Deep sigh..Me and words were breaking up. Wow…But then I realized the looming break-up was not about the words at all. I had not lost any love for words. I was still very much hopelessly devoted and deep in love with them. No, this fog, this confusion, wasn’t about the words; it was about for whom and where I was employed. I had allowed my angst, sadness, anger about where I was lending my expertise daily to merge and  infect my relationship with words. See, I was working in a place where I was disrespected, treated unjustly and unfairly, belittled, and overall mistreated. To be frank, I was oppressed. The relationships, the conversations, the behavior of my colleagues, and the atmosphere were toxic and poisonous to my spirit and soul. I had allowed a position in the marketplace, and the people I had to work with to dirty, weaken, and confuse my spirit man. I poured far too much of myself into a place, people, and their stuff and did nothing to advance –or protect– my spiritual trajectory, or my ministry.

Photo credit: Pierre Metivier via Visual Hunt / CC BY-NC
Photo credit: Pierre Metivier via Visual Hunt / CC BY-NC

 

Yep, I’m Definitely Leaving 

Yes, it’s true that we should do our work as unto the Lord. It pleases God when we give our best to our work. We need to work with an aim to please God, always. It should never be about the people, or their approval. This was a hard lesson for me to learn. But I had allowed the lines of pleasing God and pleasing man to be horribly skewed and disfigured. Wow.  I created a sloppy mess for myself. I got caught up in the people and their harsh and ungodly behavior rather than the spirits that pull their strings. I was warring with people who have no control over my destiny, and don’t have a heaven or hell to put me. People who were and are deeply broken and wounded, and clueless enough to think they have reign in authentic power. I allowed them to make question and doubt who I am and question my value. I am ashamed to share that with you, but it’s true. I let the spirits of others — witchcraft, idolatry, intellectualism, addiction, self-hatred, bias, emotional disorders, greed, discord and division, sexism, racism, agism, depression, low self-esteem, conflict, and hatred– to disease my own spiritual foundation.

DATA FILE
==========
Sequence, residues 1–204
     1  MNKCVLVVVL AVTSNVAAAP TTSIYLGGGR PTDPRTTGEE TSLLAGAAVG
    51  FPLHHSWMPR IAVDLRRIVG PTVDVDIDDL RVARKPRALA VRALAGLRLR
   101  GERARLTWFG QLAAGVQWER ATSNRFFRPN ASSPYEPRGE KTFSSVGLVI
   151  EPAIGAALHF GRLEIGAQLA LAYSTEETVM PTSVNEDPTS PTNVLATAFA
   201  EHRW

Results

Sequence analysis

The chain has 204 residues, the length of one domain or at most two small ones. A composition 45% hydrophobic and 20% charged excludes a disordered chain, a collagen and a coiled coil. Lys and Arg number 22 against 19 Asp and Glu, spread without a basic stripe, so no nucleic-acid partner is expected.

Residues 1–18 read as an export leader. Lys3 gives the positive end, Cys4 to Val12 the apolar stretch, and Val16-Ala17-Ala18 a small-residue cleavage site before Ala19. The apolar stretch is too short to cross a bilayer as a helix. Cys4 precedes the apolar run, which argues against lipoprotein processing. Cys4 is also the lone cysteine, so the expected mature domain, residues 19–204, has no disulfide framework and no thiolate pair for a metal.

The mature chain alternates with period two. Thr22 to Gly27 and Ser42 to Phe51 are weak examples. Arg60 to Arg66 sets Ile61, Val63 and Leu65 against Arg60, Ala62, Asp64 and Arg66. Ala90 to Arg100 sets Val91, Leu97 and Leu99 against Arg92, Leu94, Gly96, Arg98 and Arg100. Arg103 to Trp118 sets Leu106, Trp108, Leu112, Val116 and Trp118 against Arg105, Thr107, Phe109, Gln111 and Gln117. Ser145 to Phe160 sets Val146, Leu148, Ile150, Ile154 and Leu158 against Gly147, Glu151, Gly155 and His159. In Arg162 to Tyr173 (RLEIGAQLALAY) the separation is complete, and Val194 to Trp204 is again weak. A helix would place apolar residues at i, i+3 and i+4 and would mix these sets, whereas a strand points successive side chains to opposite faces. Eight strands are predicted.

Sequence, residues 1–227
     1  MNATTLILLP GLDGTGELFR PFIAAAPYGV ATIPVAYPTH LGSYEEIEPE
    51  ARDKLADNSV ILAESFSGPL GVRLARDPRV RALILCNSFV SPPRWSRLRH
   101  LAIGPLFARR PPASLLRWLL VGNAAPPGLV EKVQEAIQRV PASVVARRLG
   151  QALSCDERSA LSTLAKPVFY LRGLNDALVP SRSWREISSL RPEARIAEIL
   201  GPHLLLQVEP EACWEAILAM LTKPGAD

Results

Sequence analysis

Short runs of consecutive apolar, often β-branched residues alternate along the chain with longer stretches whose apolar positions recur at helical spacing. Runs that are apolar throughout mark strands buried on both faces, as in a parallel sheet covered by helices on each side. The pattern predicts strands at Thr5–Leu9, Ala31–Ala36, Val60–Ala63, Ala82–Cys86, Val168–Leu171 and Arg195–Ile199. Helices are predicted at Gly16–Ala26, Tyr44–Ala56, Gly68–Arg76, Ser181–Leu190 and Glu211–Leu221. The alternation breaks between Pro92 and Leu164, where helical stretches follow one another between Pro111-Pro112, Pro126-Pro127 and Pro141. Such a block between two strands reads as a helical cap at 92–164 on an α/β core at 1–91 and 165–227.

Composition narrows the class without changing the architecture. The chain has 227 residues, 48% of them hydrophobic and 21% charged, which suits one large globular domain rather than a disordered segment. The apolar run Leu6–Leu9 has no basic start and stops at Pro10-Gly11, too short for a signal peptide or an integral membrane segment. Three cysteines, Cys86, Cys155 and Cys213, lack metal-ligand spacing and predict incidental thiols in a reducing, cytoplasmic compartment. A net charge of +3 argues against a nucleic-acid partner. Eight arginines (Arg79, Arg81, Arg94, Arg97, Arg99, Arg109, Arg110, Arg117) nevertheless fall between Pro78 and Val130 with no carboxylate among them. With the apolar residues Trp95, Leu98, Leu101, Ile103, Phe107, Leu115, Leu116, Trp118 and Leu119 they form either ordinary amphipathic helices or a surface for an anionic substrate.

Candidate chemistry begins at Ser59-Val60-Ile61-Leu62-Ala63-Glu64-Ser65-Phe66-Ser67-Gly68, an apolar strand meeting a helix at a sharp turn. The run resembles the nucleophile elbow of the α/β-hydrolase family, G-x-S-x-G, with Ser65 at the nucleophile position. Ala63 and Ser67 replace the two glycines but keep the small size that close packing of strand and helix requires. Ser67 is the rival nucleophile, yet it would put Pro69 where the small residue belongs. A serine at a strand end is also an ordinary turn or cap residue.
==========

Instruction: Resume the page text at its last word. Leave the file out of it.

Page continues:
Just to be clear, the enemy never takes time to craft new ploys or tactics. His games are always the same. ALWAYS. He always seeks to steal, kill and annihilate the greatest desires of our heart. And his strategy is always to use people to do the annihilating. ALWAYS.

It was during a time of fasting, deep reflection, and a sweaty pursuit of God for turn-around that He gave me the revelation I thirsted for. That’s when I understood that it was not about the words, or even the people I told myself I despised. It was about Him and His word, and that’s all. There would definitely be a break-up, and I was leaving something behind, but not in the fashion I imagined.

Stay tuned for Part 2 of “I’m Leaving You.”

Photo credit: Art4TheGlryOfGod via Visual hunt / CC BY-ND
Photo credit: Art4TheGlryOfGod via Visual hunt / CC BY-ND

 

Photo credit: bump via Visual Hunt / CC BY-NC